The following two charts spell out just how bad the UK economy has had it since the 2008 financial crisis and how it underpins the view of Sir Jeremy Heywood.
The country's top civil servant, Heywood, said that we are looking at a 20 year "generational battle" for economic recovery.
Both are from the Office for National Statistics (ONS), published in its July economic review.
Here is the first. It shows that not only has the decline been deeper than any other economic slump in the past 40 years, but the recovery has been the slowest too.
The Blue Book is an annual report from the ONS on the UK's national accounts. The 2013 report is due at the end of July and, as we can see from the above chart, the collapse was sharper than past estimates.
"The revisions suggest that the initial downturn that the UK experienced was deeper than previously thought, as output dropped by 7.2% between the pre-recession peak and the trough, rather than the previous estimate of 6.3%," said the ONS.
"The revisions also delay the onset of the recovery by a quarter, as the economy returned to growth in the final quarter of 2009. By contrast, there have been relatively modest revisions to the growth picture since 2009 which have not altered the picture of the economy over this period."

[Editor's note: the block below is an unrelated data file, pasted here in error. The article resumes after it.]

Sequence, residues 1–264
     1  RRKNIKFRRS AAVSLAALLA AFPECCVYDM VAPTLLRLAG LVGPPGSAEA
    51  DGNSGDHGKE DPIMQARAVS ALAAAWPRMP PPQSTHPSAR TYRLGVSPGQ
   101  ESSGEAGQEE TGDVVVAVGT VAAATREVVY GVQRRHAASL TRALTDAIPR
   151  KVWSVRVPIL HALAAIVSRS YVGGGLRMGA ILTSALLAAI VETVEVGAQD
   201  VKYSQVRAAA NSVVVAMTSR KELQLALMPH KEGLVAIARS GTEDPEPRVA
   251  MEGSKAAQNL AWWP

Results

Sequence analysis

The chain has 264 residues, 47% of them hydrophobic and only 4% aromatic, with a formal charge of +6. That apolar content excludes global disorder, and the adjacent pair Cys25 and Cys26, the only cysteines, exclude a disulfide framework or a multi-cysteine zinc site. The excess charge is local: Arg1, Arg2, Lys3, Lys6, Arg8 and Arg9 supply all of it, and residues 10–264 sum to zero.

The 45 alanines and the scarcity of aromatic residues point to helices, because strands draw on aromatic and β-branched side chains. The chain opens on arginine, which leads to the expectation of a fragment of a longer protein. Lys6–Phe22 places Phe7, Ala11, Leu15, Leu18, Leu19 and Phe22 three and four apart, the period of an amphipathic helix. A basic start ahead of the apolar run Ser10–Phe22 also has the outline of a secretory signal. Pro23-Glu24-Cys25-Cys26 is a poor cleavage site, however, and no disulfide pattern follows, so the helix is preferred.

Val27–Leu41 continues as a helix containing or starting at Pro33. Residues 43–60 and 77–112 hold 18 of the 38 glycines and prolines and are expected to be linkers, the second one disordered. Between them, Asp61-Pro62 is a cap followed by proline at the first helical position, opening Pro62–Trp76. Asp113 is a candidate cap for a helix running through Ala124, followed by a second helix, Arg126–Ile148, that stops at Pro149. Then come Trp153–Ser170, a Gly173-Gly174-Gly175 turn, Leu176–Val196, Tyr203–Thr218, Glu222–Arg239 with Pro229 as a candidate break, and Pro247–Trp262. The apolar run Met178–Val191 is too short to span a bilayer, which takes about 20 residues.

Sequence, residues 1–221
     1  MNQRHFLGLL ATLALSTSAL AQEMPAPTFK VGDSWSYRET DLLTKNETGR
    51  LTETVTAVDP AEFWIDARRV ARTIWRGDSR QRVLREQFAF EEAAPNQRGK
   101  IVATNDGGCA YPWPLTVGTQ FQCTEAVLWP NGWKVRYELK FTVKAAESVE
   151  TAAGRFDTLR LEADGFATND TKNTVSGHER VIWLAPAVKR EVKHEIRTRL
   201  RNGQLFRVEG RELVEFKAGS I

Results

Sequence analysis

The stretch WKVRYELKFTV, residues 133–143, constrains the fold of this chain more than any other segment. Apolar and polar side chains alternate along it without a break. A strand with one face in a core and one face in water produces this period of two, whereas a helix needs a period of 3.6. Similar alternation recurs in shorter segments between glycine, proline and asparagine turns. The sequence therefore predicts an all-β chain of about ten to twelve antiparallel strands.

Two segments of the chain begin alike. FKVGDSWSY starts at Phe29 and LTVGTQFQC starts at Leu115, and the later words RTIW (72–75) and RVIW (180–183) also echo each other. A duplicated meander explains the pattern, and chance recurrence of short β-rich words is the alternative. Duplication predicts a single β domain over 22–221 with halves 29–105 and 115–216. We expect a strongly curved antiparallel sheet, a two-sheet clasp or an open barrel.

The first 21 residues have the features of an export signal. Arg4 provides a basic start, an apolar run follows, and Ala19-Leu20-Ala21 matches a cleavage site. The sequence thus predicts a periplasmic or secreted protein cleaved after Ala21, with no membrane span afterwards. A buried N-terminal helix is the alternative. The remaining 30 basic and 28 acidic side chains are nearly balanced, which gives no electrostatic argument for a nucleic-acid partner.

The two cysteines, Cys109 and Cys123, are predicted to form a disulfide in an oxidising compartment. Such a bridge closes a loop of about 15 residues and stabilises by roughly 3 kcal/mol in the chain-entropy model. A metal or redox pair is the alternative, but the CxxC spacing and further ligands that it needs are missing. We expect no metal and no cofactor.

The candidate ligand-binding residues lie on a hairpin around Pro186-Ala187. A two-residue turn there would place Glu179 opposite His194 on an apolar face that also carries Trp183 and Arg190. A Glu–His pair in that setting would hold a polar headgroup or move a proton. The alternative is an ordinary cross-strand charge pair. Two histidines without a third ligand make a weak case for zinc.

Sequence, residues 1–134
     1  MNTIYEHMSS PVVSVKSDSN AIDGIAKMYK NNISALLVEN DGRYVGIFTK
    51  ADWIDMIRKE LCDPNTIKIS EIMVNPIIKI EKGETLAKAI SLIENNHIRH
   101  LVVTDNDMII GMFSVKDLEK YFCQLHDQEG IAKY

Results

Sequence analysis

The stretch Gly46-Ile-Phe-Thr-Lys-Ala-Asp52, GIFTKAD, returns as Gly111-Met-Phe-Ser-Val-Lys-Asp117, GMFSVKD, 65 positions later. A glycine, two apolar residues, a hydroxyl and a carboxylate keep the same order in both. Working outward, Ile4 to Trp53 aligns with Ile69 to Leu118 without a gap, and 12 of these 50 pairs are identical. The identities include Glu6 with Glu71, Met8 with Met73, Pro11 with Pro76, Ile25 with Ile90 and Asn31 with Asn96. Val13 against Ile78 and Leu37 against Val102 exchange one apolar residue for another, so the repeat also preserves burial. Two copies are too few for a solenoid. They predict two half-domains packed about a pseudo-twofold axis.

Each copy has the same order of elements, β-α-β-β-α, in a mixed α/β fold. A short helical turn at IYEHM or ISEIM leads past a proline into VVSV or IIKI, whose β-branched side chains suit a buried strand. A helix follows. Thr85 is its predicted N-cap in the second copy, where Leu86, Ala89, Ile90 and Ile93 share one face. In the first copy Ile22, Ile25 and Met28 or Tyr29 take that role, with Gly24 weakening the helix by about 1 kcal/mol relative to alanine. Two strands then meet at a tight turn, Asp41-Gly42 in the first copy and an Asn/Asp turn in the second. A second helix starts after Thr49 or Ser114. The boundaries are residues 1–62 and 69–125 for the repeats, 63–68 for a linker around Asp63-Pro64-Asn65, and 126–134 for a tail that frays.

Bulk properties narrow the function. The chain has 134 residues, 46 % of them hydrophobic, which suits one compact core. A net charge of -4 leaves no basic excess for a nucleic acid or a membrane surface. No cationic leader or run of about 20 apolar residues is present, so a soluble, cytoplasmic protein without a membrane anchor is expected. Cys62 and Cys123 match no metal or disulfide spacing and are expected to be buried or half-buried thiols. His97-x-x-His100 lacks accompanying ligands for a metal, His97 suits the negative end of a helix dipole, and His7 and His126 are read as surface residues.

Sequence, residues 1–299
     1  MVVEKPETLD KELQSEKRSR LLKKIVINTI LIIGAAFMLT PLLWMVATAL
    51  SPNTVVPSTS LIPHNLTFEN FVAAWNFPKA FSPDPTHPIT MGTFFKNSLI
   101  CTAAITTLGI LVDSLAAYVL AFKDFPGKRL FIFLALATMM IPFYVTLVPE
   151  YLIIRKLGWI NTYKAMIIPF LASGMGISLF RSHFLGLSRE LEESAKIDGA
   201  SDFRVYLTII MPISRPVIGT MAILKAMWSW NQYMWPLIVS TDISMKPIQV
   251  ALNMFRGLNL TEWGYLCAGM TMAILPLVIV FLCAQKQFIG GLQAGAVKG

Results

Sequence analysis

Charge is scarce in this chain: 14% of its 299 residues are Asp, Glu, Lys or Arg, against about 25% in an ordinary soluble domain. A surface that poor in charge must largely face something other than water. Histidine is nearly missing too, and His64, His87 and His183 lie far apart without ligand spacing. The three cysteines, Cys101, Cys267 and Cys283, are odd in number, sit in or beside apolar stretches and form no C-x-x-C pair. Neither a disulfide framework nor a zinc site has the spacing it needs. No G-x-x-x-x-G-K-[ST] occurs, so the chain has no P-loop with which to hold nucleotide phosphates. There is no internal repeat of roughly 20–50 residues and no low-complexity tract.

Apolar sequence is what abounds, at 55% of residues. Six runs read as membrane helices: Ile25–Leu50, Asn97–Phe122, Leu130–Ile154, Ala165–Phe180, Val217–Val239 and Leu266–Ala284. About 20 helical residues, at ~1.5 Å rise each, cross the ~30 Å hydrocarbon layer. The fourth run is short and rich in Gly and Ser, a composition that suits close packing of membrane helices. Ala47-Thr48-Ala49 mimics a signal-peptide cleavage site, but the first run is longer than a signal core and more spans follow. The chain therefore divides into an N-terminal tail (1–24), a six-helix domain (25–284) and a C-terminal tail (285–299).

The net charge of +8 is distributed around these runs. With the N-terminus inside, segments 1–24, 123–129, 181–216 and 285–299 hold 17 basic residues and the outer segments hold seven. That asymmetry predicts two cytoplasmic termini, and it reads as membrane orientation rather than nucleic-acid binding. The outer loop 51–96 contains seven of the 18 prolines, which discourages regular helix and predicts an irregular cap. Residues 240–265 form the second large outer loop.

This second chart shows that, with the exception of Italy, the UK suffered one of the deepest declines of the world's most developed economies - the G7 - and is the slowest to recover. Japan, which saw the worst fall in output, is recovering quicker than the UK.
"The revised data have slightly lowered the UK's performance relative to the other G7 economies," said the ONS.
"From this group of countries, only Canada, Germany and the USA have achieved output above the level they attained before the economic downturn in 2008, with Canada performing the strongest.
"France, which followed a broadly similar trajectory to the US during the early phase of the recession, has stagnated since early 2011, while in Italy output continues to contract."